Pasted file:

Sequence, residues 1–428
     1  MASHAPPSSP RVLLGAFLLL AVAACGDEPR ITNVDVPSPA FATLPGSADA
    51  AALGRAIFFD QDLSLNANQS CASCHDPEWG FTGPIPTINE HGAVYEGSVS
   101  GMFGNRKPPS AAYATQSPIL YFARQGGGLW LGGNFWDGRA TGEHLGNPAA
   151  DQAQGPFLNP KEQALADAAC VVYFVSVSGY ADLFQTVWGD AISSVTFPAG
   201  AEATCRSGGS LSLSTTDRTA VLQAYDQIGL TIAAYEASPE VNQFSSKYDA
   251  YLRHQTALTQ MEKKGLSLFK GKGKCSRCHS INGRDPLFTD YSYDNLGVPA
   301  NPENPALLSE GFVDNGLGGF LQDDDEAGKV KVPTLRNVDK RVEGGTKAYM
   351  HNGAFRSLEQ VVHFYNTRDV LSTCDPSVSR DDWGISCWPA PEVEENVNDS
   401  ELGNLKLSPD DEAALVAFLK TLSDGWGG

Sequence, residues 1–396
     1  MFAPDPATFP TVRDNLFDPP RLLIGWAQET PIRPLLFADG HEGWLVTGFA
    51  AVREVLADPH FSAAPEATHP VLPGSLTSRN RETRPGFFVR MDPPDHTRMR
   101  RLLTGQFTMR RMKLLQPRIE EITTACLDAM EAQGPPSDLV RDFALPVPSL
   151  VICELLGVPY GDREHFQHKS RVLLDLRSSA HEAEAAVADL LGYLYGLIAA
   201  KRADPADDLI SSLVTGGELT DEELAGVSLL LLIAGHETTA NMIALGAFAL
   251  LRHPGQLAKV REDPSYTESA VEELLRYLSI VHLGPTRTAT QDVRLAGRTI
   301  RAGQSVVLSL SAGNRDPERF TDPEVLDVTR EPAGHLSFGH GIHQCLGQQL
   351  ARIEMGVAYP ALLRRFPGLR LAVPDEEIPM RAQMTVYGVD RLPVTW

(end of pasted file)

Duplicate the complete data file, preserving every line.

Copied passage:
Sequence, residues 1–428
     1  MASHAPPSSP RVLLGAFLLL AVAACGDEPR ITNVDVPSPA FATLPGSADA
    51  AALGRAIFFD QDLSLNANQS CASCHDPEWG FTGPIPTINE HGAVYEGSVS
   101  GMFGNRKPPS AAYATQSPIL YFARQGGGLW LGGNFWDGRA TGEHLGNPAA
   151  DQAQGPFLNP KEQALADAAC VVYFVSVSGY ADLFQTVWGD AISSVTFPAG
   201  AEATCRSGGS LSLSTTDRTA VLQAYDQIGL TIAAYEASPE VNQFSSKYDA
   251  YLRHQTALTQ MEKKGLSLFK GKGKCSRCHS INGRDPLFTD YSYDNLGVPA
   301  NPENPALLSE GFVDNGLGGF LQDDDEAGKV KVPTLRNVDK RVEGGTKAYM
   351  HNGAFRSLEQ VVHFYNTRDV LSTCDPSVSR DDWGISCWPA PEVEENVNDS
   401  ELGNLKLSPD DEAALVAFLK TLSDGWGG

Sequence, residues 1–396
     1  MFAPDPATFP TVRDNLFDPP RLLIGWAQET PIRPLLFADG HEGWLVTGFA
    51  AVREVLADPH FSAAPEATHP VLPGSLTSRN RETRPGFFVR MDPPDHTRMR
   101  RLLTGQFTMR RMKLLQPRIE EITTACLDAM EAQGPPSDLV RDFALPVPSL
   151  VICELLGVPY GDREHFQHKS RVLLDLRSSA HEAEAAVADL LGYLYGLIAA
   201  KRADPADDLI SSLVTGGELT DEELAGVSLL LLIAGHETTA NMIALGAFAL
   251  LRHPGQLAKV REDPSYTESA VEELLRYLSI VHLGPTRTAT QDVRLAGRTI
   301  RAGQSVVLSL SAGNRDPERF TDPEVLDVTR EPAGHLSFGH GIHQCLGQQL
   351  ARIEMGVAYP ALLRRFPGLR LAVPDEEIPM RAQMTVYGVD RLPVTW